**UPDATE: WISTER WINS!!** Philadelphia’s School District announced last week that Wister Elementary will remain public**
Wister’s been granted a reprieve. District Superintendents met with staff at dismissal to give us the good news. Is it because parents’ voices were heard or because parent and community pressure caught the District in data lies? We may never know, but if Choice is a platform of Ed Reform, then we need a roadmap for what that looks like because Parents were given a genuine voice in this.
This has been an emotional roller coaster. That would be ok if we felt that we were treated with respect throughout and that we were really discussing how our students can learn and be engaged best. But that hasn’t been part of the story. It has been a battle of sound bites.
Stay tuned for the hoops the district will put up for Wister. Could look more like a Promise Academy. Longer day/year/ etc. but nothing innovative. That would be almost a greater tragedy. — RL
Neighboring Germantown parents and teachers mobilize against School District plans for a charter takeover of Wister Elementary. Local educator Robin Lowry’s passionate blog brings us to the “front line” of one school’s fight to continue to serve its neighborhood as a public school.
ED NOTE: When it comes to School District tactics, Robin Lowry’s seen ’em all in her 22 years in the Philadelphia School system. Including in 2011 when Mastery Charter Schools angled for and “won” Simon Gratz Public High School in North Philly, causing mixed feelings in the community.
For instance, a recent NPR report featured Simon Gratz as a shining example of how a city’s most violent & underachieving school can blossom with just the kinda innovative, outside-the-box efforts charter schools are known for. Sounds great so far…
But the report also revealed for every “turn-around” school like Simon Gratz (whose improvements depended on independent donations, btw), there are scores of “dumpster” schools where under-achieving students founder in mediocrity while bleeding our tax dollars to the private sector.
No one is arguing that charter schools can’t work — but the current charter school model creates an unfair, publicly-funded system that too often fleeces neighborhood resources for corporate profits. So suggested the NPR report, and so echo calls from educators, advocates, parents, and news sources citing surveys, studies, legislation… Not just in Philadelphia, but all over the US.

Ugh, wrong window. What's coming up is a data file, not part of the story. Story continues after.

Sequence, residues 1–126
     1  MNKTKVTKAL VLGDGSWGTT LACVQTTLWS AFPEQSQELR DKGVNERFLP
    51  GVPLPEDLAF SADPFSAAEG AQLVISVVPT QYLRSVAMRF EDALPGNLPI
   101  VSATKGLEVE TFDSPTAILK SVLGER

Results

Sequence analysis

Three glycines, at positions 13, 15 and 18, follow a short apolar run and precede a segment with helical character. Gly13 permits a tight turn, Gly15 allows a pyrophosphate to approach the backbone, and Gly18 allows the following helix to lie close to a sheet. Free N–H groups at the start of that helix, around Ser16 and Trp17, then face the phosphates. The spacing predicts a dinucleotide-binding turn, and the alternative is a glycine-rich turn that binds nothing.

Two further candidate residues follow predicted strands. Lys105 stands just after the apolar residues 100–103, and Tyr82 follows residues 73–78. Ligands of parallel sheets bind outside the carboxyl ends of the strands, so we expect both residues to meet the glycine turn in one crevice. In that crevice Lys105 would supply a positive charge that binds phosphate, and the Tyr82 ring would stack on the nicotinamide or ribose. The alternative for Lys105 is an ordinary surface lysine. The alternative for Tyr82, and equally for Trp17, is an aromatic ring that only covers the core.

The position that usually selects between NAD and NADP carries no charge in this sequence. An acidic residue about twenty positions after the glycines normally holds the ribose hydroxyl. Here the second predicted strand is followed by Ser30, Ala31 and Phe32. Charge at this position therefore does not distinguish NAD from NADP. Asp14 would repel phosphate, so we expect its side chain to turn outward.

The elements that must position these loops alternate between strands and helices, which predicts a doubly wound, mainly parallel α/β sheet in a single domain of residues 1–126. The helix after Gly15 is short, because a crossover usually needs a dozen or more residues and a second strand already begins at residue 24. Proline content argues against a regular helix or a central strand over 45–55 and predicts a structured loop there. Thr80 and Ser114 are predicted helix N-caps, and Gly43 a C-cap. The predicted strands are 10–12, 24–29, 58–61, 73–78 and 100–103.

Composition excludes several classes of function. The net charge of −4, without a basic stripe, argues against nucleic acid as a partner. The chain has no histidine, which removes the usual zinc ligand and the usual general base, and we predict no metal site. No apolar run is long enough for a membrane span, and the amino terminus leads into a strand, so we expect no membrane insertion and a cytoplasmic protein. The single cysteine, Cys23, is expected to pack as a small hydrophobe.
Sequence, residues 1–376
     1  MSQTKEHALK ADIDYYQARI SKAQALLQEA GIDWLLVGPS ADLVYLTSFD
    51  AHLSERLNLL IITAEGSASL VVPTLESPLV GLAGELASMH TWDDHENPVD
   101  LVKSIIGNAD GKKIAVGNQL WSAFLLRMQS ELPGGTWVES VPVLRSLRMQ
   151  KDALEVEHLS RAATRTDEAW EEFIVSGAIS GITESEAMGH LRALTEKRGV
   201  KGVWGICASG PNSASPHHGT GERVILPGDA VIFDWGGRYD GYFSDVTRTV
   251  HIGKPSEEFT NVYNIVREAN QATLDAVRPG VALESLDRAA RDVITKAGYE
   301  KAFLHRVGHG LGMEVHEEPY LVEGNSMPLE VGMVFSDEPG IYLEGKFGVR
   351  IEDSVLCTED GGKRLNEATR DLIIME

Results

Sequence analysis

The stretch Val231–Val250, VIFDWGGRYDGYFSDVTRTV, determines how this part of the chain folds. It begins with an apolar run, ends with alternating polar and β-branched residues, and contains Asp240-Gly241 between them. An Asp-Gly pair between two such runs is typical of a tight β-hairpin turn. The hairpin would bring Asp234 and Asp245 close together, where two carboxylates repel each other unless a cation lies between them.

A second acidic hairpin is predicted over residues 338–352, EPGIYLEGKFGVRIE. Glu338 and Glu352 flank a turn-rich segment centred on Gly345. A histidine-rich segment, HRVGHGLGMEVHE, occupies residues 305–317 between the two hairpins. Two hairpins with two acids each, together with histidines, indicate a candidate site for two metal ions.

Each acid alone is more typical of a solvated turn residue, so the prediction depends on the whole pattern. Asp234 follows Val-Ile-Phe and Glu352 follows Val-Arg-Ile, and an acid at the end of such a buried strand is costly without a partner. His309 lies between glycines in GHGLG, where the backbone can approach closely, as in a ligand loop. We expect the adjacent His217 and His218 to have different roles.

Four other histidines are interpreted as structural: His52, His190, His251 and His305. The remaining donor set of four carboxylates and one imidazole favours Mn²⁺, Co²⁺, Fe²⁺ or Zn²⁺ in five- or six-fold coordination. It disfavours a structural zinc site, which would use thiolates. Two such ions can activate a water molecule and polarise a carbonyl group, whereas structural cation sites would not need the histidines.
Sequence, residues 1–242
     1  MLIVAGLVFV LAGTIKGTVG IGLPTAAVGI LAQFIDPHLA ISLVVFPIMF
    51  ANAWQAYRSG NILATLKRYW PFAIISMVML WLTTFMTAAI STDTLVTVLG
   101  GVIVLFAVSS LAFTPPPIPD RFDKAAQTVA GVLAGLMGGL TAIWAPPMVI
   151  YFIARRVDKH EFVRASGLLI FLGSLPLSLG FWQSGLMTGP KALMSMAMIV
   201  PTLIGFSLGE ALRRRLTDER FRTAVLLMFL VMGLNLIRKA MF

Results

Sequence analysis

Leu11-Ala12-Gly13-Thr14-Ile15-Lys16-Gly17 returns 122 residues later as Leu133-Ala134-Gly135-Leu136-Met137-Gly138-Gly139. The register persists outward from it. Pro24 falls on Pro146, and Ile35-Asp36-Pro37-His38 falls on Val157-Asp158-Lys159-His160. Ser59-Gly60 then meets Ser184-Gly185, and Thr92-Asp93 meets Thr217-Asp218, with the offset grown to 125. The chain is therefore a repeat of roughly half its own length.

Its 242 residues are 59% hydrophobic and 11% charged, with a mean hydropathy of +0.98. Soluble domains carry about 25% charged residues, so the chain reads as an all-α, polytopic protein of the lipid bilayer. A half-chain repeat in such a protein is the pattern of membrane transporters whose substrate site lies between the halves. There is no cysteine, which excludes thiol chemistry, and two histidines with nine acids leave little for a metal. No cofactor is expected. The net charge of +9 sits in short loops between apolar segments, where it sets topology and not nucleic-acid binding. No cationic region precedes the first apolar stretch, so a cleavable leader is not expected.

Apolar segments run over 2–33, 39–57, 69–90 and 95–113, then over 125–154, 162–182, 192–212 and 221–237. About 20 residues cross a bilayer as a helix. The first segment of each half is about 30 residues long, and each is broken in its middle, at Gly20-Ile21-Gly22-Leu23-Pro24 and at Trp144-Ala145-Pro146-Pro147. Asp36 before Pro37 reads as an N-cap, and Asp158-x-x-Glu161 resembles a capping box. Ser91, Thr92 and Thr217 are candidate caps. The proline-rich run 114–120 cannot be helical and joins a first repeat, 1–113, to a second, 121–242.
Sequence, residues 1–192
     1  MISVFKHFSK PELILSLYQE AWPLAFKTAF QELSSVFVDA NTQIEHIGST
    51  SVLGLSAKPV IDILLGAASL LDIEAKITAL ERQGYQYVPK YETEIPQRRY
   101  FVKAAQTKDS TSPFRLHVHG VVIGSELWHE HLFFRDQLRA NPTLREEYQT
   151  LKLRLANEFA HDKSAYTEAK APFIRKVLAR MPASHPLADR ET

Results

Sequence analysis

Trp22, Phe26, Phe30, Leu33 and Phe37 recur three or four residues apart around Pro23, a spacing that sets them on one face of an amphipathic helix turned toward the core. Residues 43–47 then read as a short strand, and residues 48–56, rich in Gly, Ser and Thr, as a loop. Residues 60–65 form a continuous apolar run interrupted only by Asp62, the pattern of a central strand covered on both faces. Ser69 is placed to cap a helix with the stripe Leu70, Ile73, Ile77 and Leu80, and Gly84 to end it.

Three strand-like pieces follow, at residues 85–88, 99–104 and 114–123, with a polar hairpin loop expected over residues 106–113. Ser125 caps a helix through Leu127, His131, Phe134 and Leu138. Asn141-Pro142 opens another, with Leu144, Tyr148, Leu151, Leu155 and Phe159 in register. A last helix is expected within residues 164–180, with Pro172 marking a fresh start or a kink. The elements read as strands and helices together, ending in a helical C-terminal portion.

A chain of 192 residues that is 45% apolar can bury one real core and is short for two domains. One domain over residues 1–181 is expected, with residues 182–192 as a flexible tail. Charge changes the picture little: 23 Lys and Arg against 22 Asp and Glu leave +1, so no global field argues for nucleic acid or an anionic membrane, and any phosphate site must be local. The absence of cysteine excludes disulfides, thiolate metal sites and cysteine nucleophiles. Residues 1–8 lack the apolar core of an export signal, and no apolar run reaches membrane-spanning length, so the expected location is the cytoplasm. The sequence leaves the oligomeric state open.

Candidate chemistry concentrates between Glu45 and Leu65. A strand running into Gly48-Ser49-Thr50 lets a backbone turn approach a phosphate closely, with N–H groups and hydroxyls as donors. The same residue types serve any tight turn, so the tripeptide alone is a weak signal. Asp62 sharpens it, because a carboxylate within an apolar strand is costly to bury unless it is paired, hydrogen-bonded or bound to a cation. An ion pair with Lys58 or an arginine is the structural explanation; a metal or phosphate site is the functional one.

Robin’s commentary seeks to provide readers her personal viewpoints along with links to articles and websites for further illumination. As a teacher, she sees her struggles at Wister as an opportunity to educate as many people as possible about important issues being discussed and voted on today.
What’s happening in Germantown could happen here in East Falls, where Mifflin faces its own performance challenges. Robin shares her story in the hopes of getting public school kids & teachers the support they need to build the best possible future for all of us.
SURPRISE! YOU’RE NOW A CHARTER SCHOOL! A blog begins, by Robin Lowry:
“Your child deserves to have a great public school close to home…” stated a letter from the School District of Philadelphia (SDP) handed to Wister Elementary’s K-5 parents at dismissal on October 1st.
Wister, it seems, was being turned over to a charter school provider.
The staff found out from principal Donna Smith earlier that morning, the morning after our Back to School Night and after the summer of planning, hiring, and preparing classrooms. Two other schools, Huey in West Philly and Cooke in Olney were in the same boat.
Did the District just decide this, or has this been the plan since last school year? Or five years ago?
“A great public school close to home?” The School District has closed 50+ schools using the Boston Consulting Groups (BCG) plan to shrink the number of public schools and increase the number of charter schools in the District.
This is too ironic to believe. Germantown has lost its high school and Fitler Elementary, students from which now travel further to go to Wister. Meanwhile Wister has been systematically starved of resources and supports, and churned by the revolving doors of curriculum, staffing, and “reforms,” the m.o. of the SDP. In this same letter to parents Wister was said to have “ongoing challenges” to be solved by this “Renaissance Turnaround” the District’s fancy term for it’s strategy of giving up on public schools and giving them over to charters companies.
I experienced this same strategy at Simon Gratz HS 6 years ago: a struggling urban school, 100% low SES, under-served youth, crumbling facilities, lack of supports & resources, (purposefully?) weak administrators. Mastery was brought in to save the school. The community’s push-back resulted in only the “win” to keep school colors the same — Cherry and White, not Mastery Blue. Hooray for the home team, I guess.
Three years ago when the SDP tried to turn Steele and Marin Muniz schools into charters parents were given the chance to vote Public or Charter. Parents at both schools chose Public. This time around the SDP has a new strategy -only 5 Wister parents get to vote and only on which charter is given the contract. Clever!
Does the SDP even want community input? The 5 lucky parents chosen were literally names pulled from a hat — yes, it happened, I was there checking to be certain that we even knew the five parents or if they were Mastery “plants.” (we had reason to be suspicious btw.)